Learning to Problem-Solve (and the role of I See Problem-Solving)

It’s easy to give children maths problems to solve; it’s much harder (and very time consuming) to systematically teach problem-solving so children become more competent problem-solvers. Here’s some thoughts on how my teaching of problem-solving has evolved and how I See Problem-Solving fits within this vision.

I have always loved engaging children in rich maths problems. The EEF research (recommendation 3) highlights the importance of engaging children in non-routine maths tasks. However, it also points out that such tasks can create a heavy a cognitive load for many children. Now I try I think more carefully about the sub-skills involved in solving a problem, and build up to the introduction of a problem-solving task using more carefully chosen examples. Consider this question:

Here’s how I built up to using this task. First of all, we clarify how to calculate the sum of four numbers and the difference between the smallest/largest numbers using this question:

Then we model the process of finding all possible answers with this prompt (answers: 5&5, 4&6, 7&3). We also highlight a likely mistake: 8&2 (the difference between the smallest/largest number no longer 4).

Then the final ‘pre-task’ question is introduced, focusing on the most difficult part of the calculation:

Now we get into the main task (sum of 4 numbers is 23, difference between smallest/largest = 4, all numbers different, how many ways?). Where appropriate, children use whiteboards and counters to access the task. When we find the answer 3, 4, 7, 9 we consider whether there is another solution that can be found keeping the 3&9 as the smallest/largest numbers.

As the lesson progresses, we explore systems for finding all possible answers and some children move on to the explain/extend tasks (which are variations on the main task). If you want to use Task 13, check out the free sample resources on this page. The solution to the problem is shown step-by-step by the pre-made worked example.

One little caveat: some children may benefit more from going straight into the question; others may need this extra scaffolding before getting into the main task. As ever, it’s about knowing your children.

There have been lots of great maths problems written. I hope that I See Problem-Solving takes things to the next level by presenting related problems and reasoning tasks in a coherent order, and by clearly representing the mathematics within the tasks.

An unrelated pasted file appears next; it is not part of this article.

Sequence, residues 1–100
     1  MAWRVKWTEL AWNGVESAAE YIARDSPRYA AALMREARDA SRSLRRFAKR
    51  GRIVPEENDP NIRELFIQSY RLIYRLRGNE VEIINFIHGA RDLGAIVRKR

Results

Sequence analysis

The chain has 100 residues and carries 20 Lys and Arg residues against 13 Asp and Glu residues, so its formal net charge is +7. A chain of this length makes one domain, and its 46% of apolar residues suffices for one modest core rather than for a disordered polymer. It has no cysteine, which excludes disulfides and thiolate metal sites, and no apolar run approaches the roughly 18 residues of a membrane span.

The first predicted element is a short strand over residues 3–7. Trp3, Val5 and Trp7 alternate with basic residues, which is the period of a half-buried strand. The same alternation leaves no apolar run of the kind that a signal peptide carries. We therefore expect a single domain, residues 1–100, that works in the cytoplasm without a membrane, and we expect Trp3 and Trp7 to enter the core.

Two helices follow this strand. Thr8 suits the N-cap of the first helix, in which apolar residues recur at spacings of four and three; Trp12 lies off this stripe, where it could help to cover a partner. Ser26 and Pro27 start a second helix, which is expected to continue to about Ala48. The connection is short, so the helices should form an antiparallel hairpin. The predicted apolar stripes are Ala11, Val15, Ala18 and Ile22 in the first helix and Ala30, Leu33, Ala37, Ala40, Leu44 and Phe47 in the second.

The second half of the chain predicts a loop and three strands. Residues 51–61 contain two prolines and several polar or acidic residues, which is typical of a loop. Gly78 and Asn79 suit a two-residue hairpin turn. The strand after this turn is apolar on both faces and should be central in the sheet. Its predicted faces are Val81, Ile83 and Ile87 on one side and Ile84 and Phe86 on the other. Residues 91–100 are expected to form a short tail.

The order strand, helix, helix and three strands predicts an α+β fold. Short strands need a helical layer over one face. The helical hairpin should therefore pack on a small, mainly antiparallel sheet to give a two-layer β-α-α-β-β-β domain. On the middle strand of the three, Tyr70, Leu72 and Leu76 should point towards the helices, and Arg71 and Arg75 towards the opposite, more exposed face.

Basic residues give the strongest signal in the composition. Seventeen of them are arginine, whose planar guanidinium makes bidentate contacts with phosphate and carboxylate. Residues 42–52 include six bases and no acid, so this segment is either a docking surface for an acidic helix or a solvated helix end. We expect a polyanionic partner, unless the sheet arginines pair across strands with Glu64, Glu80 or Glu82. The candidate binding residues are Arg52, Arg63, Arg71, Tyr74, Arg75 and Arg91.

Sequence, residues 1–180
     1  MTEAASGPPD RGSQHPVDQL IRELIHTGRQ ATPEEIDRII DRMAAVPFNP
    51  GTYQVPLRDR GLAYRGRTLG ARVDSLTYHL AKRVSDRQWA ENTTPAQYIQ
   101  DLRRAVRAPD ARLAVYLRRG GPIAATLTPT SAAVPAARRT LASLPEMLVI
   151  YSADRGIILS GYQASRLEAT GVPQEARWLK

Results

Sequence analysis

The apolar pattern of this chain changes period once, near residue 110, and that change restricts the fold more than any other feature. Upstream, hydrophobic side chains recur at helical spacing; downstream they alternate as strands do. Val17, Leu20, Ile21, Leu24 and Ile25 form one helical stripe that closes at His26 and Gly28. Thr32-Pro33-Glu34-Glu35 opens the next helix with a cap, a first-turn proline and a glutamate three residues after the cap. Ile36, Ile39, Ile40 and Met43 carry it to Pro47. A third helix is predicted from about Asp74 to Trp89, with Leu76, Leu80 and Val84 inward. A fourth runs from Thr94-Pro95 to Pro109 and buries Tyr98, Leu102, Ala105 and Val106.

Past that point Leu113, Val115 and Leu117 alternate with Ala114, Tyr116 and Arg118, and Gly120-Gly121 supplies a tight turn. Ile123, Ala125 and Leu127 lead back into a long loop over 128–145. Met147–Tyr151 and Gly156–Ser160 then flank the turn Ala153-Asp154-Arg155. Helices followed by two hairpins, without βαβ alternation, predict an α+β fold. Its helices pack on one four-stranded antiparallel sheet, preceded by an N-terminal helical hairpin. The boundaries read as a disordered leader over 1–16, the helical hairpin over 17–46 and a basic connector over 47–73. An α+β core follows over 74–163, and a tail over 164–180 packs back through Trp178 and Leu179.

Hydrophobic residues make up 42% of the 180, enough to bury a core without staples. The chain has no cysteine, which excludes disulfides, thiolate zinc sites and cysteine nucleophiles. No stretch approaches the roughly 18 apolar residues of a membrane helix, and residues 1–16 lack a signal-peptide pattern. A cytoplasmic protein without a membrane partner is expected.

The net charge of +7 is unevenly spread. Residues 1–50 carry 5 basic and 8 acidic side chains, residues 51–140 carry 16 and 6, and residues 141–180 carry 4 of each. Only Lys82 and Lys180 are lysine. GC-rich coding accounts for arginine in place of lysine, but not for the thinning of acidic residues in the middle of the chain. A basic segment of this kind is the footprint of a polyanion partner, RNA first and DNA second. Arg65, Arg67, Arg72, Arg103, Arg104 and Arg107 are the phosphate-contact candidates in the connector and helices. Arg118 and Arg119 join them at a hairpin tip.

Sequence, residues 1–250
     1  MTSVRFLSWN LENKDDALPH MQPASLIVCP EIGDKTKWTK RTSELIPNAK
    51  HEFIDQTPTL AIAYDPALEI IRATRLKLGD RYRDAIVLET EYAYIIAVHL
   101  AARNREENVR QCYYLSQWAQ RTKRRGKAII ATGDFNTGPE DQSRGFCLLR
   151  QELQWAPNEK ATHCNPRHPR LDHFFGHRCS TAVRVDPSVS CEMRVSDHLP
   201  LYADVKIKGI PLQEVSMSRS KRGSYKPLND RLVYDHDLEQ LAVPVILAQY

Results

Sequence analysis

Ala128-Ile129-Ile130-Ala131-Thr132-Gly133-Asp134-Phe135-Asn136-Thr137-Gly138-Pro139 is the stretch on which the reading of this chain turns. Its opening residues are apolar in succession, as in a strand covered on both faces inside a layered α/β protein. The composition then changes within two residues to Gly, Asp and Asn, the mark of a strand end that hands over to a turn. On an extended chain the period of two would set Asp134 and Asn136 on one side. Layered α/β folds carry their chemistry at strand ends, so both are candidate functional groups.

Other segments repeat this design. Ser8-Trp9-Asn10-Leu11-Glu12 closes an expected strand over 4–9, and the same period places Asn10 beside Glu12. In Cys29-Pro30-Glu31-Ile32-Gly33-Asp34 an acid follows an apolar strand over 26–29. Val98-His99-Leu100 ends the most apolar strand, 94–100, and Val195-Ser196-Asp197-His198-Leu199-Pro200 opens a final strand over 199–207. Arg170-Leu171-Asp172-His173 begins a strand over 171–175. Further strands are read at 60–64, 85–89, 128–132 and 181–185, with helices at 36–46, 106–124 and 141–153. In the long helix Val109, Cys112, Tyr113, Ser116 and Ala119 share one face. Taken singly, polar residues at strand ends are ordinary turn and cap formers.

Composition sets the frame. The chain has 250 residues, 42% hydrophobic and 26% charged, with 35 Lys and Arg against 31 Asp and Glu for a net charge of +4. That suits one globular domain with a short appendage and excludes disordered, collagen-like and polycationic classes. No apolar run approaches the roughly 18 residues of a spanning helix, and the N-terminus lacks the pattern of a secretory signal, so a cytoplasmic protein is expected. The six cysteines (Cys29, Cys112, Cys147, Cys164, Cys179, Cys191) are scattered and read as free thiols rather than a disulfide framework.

I also hope that this blog gives food for thought about how to introduce problem-solving tasks so more children experience success. Enjoy using the resources!


I See Problem Solving – UKS2: providing challenge

I See Problem Solving – UKS2 is designed to transform the teaching of problem-solving in mathematics. Its design addresses Recommendation 3: teach strategies for solving problems from the recent EEF report. It will give all children the opportunity to understand and answer non-standard questions, whilst also providing appropriate challenge. This blog focuses on how extra challenge is provided to deepen and extend children’s learning in each task.

Each task begins with the main prompt question. For some children, answering this question may be their ‘Everest’; others will need more challenge.

First of all, a number of the tasks include a ‘how many ways’ prompt, with the challenge coming from finding all possible answers. Here’s a typical example of a ‘how many ways’ task:

And here are two other initial prompts:

Each task comes with an Explain prompt, where children have to unpick likely misconceptions, solve related problems, rank questions by difficulty or agree/disagree with different opinions. The prompts here are similar to those from I See Reasoning – UKS2 and will extend the thinking from the initial prompt. Here are the Explain prompts for the above examples:

For many children, the real challenge will come from the Extend prompt for each task. These tasks are related to the initial prompt, but the challenge is taken to the next level. These are the corresponding Extend examples (and two of the friendlier ones!):